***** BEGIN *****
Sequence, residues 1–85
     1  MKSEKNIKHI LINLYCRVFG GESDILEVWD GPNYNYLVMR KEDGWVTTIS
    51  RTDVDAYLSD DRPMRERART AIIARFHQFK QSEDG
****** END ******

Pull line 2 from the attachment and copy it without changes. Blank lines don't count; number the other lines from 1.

     1  MKSEKNIKHI LINLYCRVFG GESDILEVWD GPNYNYLVMR KEDGWVTTIS